Ex-UN chief calls on America to show global leadership, says WHO withdrawal ‘morally wrong’
Former U.N. Secretary-General Ban Ki-moon told CNBC Tuesday that he is “deeply, deeply concerned” about the state of global politics and described current global leaders’ focus on “short-term political gains” as shameful.
Ban, who led the U.N. from 2007-2016, said there had been “growing disunity” in the multilateral system since America’s withdrawal from many U.N.-led agreements and agencies, as well as nuclear treaties such as the JCPOA (Joint Comprehensive Plan of Action) on the Iranian nuclear issue.
“People say that the multilateral system has been under attack even … The U.S. has been withdrawing from major specialized agencies of the United Nations starting from (the) U.N. Human Rights Council … Then they have withdrawn from UNESCO … Then (the) Paris climate change agreement most seriously,” he said.
“I’m really urging the United States to really show their global leadership based on global vision as they did when they were leading this establishment, founding the United Nations 75 years ago,” he added.
Ban, who was the eighth U.N. secretary-general, described the U.S’s withdrawal from the World Health Organization earlier this year at the height of the Covid-19 global response as “morally wrong” and “politically very short-sighted.”
Trump halted U.S. funding for the WHO back in April as his administration conducted a review of the organization. That review then outlined what the White House perceived as “repeated missteps” during the early stages of the pandemic. Trump has also previously cited what he called “the World Health Organization’s role in severely mismanaging and covering up the spread of the coronavirus.” A formal withdrawal from the WHO began last month.
To date, the U.S. has reported over 4.8 million coronavirus infections and 158,268 deaths, according to data compiled by Johns Hopkins University. A spokesperson for the White House wasn’t immediately available when contacted by CNBC.
Former UN Secretary General Ban Ki-Moon.
Thomas Trutschel | Photothek | Getty Images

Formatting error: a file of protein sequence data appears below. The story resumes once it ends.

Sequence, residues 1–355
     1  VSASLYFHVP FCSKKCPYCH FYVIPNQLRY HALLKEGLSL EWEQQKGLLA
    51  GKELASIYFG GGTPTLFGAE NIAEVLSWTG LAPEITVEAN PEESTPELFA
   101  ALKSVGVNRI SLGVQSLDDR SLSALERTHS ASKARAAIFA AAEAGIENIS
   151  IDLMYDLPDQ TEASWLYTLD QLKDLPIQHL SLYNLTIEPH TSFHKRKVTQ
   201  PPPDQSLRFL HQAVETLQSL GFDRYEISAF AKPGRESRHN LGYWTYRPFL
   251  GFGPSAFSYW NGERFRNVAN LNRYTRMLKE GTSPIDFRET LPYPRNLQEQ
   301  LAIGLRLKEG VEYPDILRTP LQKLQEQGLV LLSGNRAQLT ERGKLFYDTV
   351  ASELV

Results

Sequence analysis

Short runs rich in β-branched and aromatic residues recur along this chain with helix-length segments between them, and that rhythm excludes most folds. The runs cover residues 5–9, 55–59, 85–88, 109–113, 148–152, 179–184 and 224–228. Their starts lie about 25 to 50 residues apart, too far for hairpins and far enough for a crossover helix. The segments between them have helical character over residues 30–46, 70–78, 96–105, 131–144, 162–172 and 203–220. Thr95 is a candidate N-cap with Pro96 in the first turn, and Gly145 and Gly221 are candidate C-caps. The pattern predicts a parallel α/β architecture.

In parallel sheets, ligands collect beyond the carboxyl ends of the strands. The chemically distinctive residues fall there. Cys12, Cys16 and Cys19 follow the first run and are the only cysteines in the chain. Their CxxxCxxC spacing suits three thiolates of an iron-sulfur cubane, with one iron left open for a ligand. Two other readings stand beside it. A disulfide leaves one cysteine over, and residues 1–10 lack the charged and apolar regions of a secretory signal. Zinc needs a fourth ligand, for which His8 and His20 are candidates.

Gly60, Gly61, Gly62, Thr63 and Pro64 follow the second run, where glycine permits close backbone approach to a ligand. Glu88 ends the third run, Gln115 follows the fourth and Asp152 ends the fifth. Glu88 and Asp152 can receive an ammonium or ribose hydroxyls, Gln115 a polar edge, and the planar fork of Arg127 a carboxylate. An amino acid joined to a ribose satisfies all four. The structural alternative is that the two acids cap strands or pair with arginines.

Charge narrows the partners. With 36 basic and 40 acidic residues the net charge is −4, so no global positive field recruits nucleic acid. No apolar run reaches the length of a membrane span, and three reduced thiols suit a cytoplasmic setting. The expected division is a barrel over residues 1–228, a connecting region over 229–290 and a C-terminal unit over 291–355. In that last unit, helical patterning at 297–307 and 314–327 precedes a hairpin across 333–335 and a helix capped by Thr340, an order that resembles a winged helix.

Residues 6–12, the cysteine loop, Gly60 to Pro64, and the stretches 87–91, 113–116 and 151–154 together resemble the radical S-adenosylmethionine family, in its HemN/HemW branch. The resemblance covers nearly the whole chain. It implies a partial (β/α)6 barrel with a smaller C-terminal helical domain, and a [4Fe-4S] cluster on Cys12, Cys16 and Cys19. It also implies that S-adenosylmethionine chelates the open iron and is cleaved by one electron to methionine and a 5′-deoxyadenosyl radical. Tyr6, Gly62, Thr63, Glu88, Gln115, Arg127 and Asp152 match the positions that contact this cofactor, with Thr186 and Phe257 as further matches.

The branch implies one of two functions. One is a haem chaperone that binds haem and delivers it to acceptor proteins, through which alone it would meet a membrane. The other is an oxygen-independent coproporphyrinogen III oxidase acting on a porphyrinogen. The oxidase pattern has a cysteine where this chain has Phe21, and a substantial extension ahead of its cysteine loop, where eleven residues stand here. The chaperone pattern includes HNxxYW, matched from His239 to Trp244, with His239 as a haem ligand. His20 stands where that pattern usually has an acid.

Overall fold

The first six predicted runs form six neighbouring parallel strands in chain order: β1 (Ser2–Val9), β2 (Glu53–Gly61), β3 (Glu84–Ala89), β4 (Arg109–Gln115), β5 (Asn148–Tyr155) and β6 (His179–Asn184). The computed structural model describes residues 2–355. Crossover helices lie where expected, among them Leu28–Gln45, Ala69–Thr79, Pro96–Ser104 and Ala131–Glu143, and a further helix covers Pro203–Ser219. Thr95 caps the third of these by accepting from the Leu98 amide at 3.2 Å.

Speaking about the international response to the Covid-19 crisis from his home base of South Korea, Ban said the country had been a relative success story with its handling of the pandemic, with around 14,500 cases and 302 deaths.
Ban said adopted policies such as the “Three Ts Plus P” — “testing, tracing, treatment and participation” — had helped the population and government work closely together against the virus.
Asked why he thinks the rest of the world had not followed South Korea’s response, Ban told CNBC that global leadership had been “sorely lacking at the top level.”
“Every country has been doing on their own without any collaboration and cooperation without listening to the advice of experts and scientists and doctors,” he said.
“It is quite shameful that the most resourceful, the strongest country in the world, the United States, has more than 25% of cases infected with (the) virus,” he added.
Ban, who was secretary-general during the 2014 outbreak of the Ebola virus in West Africa, said he had then secured a U.N. Security Council resolution “within one day,” declaring the outbreak as “a serious threat to the maintenance of international peace and security.”
He is now highly critical of the response by the U.N. Security Council to the Covid-19 crisis and what he called the “politicization” of the virus.
“After six months of this outbreak, the United States and China have been playing a blaming game, all this politicization of these virus issues, they have not been able to take any single resolution at the Security Council. This is a shame, they are neglecting the global responsibility as permanent members of the Security Council.” he added.
Ban acknowledged that the U.N. “is not a perfect organization.” But he said it has set out many visions and many promises, adding that implementing these promises to the world “depends upon how global leaders show their leadership.”